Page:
You may already be familiar with the story of Garrett Holeve but for those like myself who have never heard of him, here is a little of what he is about in a nutshell. He has been training in martial arts for a number of years now with hopes to become a mix martial arts (MMA) competitor. MMA is the sport where two people get into an arena and basically beat the living crap out of each other until one can’t take anymore pummeling or time runs out. Anyway, Holeve has trained to become a competitor and has fought in two exhibition fights. How well he did is out of my analytical skills as I don’t follow the sport, whenever I see it on TV I just think you need more guts than I have to do that. In August of 2013, Holeve was set to have a fight with David Steffan until the Florida Boxing Commission cancelled the event! Did I forget to mention that Holeve has Down Syndrome and Steffan has cerebral Palsy? Do I have your attention now?
The reason for the cancellation seems to be geared toward the fact that both opponents have disabilities and a lawsuit under way to determine that. Regardless of the ruling, it brings up an interesting discussion as to whether this fight should be allowed or not. I will tell you right now that as a person that is wheelchair bound, it pisses me off that it is something being debated because of course the fight should be allowed! Both opponents know what they are going to do, have the cognitive ability to make the decision and are not doing anything illegal, PERIOD. However, to be fair, we need to look at the situation from the commission’s point of view.
Regardless of whether the cancellation was due to the opponents having disabilities or not, the commission has to say that it wasn’t because if it was, it would be an open and shut case of discrimination. So let’s assume that the fight was cancelled because of them having disabilities, the next question is why. Does the commission simply not like people with disabilities? I seriously doubt it! Were they worried about the safety of the fighters? I could see this being part of the reason. It has been, and still is, the societal norm to want to protect “poor, helpless, fragile” people with disabilities. If you have a disability, sorry for making your blood pressure go up. It is very frustrating but it is true, the societal perception is that people with apparent disabilities need to be protected by being told what we can and cannot do. In my opinion, the main reason the fight was cancelled, if it was due to the fighters having disabilities, is P.R. and imagery. Since people with disabilities need protecting, if the commission allowed such a fight, they could be perceived as barbaric. Even if an overwhelming majority of people agreed that the fighters had the right to face each other, if the media decided to portray them as evil, it would be a nightmare for the MMA. We saw this with the person at ESPN who was fired because they used the age-old phrase “chink in the armor” in a headline. How many people actually think that is offensive? But yet someone got fire, and another suspended, because a few people decided to make a big deal over it and the media ran with it so it turned into a big deal. It is because of this that I honestly can’t blame the commission for their decision if it was based on the disability factor. I don’t like it if it was based on the disability factor but if the fight took place and the media decided to demonize it, the MMA would be crucified!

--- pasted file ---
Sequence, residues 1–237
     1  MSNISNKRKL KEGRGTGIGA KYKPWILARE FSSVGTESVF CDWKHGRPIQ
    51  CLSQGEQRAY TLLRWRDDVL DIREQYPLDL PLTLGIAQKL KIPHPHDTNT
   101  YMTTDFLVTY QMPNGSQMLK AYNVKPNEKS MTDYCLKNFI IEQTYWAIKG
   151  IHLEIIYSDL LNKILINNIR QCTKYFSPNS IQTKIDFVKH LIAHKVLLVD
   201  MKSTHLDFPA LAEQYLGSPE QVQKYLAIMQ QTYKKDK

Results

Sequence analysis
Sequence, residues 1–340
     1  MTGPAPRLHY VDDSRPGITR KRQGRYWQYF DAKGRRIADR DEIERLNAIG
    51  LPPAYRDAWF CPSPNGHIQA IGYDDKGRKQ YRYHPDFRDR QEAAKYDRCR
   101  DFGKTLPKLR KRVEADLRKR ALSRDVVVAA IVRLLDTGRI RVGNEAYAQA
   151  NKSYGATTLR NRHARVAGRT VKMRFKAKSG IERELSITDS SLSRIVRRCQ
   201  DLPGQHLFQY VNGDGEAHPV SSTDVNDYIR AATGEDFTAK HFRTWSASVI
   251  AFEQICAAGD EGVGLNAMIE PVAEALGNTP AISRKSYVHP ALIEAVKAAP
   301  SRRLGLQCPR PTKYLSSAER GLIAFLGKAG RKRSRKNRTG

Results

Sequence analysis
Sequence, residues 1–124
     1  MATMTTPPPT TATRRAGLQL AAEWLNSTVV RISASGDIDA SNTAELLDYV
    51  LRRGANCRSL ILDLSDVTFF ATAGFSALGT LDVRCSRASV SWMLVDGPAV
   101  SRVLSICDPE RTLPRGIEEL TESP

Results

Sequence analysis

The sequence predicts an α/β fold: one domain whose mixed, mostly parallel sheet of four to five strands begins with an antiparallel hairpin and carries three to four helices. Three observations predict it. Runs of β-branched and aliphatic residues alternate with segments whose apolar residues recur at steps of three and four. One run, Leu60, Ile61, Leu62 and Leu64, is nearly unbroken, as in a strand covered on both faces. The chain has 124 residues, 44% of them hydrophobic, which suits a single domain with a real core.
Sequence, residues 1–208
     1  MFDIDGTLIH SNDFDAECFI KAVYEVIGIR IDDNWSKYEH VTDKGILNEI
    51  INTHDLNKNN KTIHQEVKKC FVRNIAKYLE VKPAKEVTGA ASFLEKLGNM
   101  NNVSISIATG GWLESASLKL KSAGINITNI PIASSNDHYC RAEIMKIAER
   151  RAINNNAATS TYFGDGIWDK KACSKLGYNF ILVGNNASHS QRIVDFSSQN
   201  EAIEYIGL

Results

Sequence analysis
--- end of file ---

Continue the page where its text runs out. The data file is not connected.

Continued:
With all that being said and being based on the assumption the fight was cancelled because of disabilities, it is important to note that the commission’s official reason was as a result of the fight being unsanctioned. As I said before, I don’t follow this sport so I don’t know what exactly has to happen to get an event sanctioned. Did the parties attempt to get it sanctioned? If they did, was it approved then cancelled? Are other events never approved but still take place? There are a lot of questions that could sway this story from being discriminatory to being the normal league protocol.
I would like to step away from the legal aspect of this story and look at more of the human side if you will. Almost every story you read about Holeve you will read about how much being part of the MMA community has helped him and given him more self-esteem and what not. While this is absolutely true, I haven’t seen a very good explanation as to why something like this is so beneficial to someone. Different people require different things in order to make them happy, whether or not you have a disability. Some people go through periods of having to search for that thing which is difficult sometimes and for people with disabilities, this can be extremely difficult due to the limitations imposed by the disability. People with disabilities are often told we can do anything we want if we put our mind to it and don’t give up. I honestly can’t stand hearing this. I know it’s supposed to make you feel better and embed the mentality of never give up but for many, this is simply not true. So finding something that you enjoy, gives a sense of fulfillment and you are able to do can be very difficult. Holeve found his something that takes care of all three of those criteria and for that I’m happy for him and happy that his family is supportive instead of overprotective. Some people disagree with him practicing martial arts but I say if it neither picks my pocket nor breaks my leg, what business is it of mine? Who is anyone to tell someone what they should enjoy, again if it leaves my pocket and leg alone. Besides, how many of us can say we do something that makes us feel fulfilled? If you can, fantastic! But if not, I would have to say he has a pretty big advantage over you.